Farmers lose faith in Trump for destroying the free market that supported them

Missouri farmer

President Donald Trump’s trade war has taken its toll on farmers across the country and one fourth-generation Missouri farmer told CNN why this week from his flooded property.

Storms have flooded out many Missouri farms this year. As a resident of the state, I can attest that flood waters have caused a disaster for farm country here. Driving through some parts of the state you can witness flood waters on either side of the highways and wonder if you’ll become swept up if they get any higher during a storm.

Farmers, meanwhile, are helpless as floods put an end to the growing season because, by the time the waters recede, it will be too late to grow anything.

And because of Trump’s trade war with China and the fact that China is retaliating by not buying from America, farmers are losing billions of dollars and will likely be broke until after next season.

“We’re in four feet of water. So halfway up the grille of the tractor,” Missouri farmer Adam Jones told CNN while steering a boat in his flooded fields in St. Louis County. “We aren’t going to make any money this year.”

Trump has promised them bailout money, but it’s not enough to cover their losses, and it wounds their pride.

“Farmers don’t want a bailout,” Jones said. “We don’t want government money. We just want a free market.”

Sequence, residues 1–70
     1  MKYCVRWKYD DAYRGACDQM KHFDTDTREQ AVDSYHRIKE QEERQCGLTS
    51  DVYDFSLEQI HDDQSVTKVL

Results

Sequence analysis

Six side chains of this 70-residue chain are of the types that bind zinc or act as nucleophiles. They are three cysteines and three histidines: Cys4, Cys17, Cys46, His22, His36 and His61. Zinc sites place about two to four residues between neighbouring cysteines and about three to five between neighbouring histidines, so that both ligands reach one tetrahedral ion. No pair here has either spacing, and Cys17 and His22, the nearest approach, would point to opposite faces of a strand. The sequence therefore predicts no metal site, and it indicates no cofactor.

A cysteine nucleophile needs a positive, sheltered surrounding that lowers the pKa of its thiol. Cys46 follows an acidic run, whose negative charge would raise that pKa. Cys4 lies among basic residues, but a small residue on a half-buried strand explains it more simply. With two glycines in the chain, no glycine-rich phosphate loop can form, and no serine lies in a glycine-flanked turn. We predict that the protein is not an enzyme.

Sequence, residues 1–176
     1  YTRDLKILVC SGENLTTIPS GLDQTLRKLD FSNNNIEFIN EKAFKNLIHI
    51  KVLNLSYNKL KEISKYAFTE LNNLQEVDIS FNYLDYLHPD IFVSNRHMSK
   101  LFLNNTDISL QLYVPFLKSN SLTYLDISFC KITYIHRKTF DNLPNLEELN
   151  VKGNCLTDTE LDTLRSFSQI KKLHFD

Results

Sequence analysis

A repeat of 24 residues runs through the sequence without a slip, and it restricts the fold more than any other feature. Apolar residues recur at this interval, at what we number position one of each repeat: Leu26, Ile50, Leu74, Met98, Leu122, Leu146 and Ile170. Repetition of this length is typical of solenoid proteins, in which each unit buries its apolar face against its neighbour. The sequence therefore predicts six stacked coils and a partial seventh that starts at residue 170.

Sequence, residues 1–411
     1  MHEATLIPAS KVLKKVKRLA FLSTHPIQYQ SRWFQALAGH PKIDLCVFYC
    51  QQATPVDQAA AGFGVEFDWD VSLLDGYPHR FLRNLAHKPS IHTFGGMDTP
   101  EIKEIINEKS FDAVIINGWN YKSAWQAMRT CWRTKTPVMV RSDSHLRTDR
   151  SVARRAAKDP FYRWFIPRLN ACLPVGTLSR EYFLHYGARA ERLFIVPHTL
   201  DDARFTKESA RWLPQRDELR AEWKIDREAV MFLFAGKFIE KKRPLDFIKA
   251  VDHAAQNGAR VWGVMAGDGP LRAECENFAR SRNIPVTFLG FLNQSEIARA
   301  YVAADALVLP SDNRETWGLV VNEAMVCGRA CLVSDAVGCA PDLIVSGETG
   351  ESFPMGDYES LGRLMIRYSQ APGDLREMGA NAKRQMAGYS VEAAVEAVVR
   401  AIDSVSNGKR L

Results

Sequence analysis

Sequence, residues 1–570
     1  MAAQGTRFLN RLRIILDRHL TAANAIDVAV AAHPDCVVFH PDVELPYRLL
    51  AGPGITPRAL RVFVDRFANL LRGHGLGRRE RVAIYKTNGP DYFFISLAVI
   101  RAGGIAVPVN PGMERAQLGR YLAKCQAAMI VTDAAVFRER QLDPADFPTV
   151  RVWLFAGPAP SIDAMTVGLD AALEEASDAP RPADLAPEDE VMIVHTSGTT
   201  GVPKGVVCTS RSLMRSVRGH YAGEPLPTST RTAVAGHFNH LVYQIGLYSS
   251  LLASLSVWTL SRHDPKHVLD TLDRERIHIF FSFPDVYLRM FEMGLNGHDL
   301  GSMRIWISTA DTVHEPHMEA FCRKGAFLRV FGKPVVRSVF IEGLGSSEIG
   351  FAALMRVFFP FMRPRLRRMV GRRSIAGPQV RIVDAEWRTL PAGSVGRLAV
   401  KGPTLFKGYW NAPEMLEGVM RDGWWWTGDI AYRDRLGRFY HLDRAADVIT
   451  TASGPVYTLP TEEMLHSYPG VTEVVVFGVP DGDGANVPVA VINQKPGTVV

And Trump is denying Jones and many farmers access to that free market by enacting tariffs that bring trade to a screeching halt and which may never normally resume as China goes elsewhere for its food supply needs.

Jones says that Trump is shooting himself in the foot when it comes to farmers, most of whom voted for him in 2016.

“Most farmers are still supporting President Trump, but I think it is wearing out,” he said. “The flooding is obviously more difficult. The tariffs might be more frustrating, because somebody has control over the tariffs.”

Trump could end his trade war today and hope that China will immediately begin purchasing from our farmers again to soften the blows they have already suffered. But that is unlikely. And that hurts the men and women who take pride in tilling and seeding and harvesting every year in order to feed our nation.

“You don’t get your food from the grocery store,” Jones concluded. “I mean you get it from the grocery store, but we’re out here working our tails off to grow it for you. Farming is a passion. It’s what I love. We don’t farm for money. It is what I love. I mean my dad does it, he did, my grandpa did it, my great-grandpa did it, right here on this land. Fourth generation on this farm. And I take pride in that. And I just have a passion for agriculture. Unfortunately.”

Here’s the video via Twitter.

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